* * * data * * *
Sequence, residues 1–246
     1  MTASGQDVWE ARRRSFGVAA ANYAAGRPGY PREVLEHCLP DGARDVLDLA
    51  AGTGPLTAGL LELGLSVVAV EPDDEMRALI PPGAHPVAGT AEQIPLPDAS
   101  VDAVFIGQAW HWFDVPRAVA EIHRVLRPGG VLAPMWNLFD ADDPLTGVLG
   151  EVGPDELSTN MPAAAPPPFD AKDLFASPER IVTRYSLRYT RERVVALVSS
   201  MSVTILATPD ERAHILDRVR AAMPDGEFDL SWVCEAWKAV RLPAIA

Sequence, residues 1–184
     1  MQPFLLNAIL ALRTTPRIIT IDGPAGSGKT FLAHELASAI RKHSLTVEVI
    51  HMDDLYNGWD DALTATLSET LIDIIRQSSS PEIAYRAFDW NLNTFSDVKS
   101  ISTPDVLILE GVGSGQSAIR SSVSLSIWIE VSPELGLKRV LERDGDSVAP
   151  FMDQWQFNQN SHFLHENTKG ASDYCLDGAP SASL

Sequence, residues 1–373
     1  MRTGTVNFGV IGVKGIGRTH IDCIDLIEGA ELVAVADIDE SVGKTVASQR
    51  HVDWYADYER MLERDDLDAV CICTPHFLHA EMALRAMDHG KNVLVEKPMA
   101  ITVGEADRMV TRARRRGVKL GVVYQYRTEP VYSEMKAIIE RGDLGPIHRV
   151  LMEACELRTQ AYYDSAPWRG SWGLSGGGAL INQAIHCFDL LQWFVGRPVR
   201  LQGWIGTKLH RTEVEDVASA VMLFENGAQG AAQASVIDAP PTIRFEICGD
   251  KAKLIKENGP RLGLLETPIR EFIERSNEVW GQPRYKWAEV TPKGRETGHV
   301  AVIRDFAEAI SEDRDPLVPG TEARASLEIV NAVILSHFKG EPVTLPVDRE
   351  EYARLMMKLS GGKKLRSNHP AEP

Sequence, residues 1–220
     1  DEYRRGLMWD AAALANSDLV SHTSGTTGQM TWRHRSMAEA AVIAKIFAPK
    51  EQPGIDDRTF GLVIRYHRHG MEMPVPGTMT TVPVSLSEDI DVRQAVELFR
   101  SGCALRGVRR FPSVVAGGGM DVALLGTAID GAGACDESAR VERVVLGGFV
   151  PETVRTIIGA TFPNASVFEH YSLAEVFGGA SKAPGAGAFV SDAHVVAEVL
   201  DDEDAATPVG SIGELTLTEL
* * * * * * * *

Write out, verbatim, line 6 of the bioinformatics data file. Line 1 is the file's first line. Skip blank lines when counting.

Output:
   201  MSVTILATPD ERAHILDRVR AAMPDGEFDL SWVCEAWKAV RLPAIA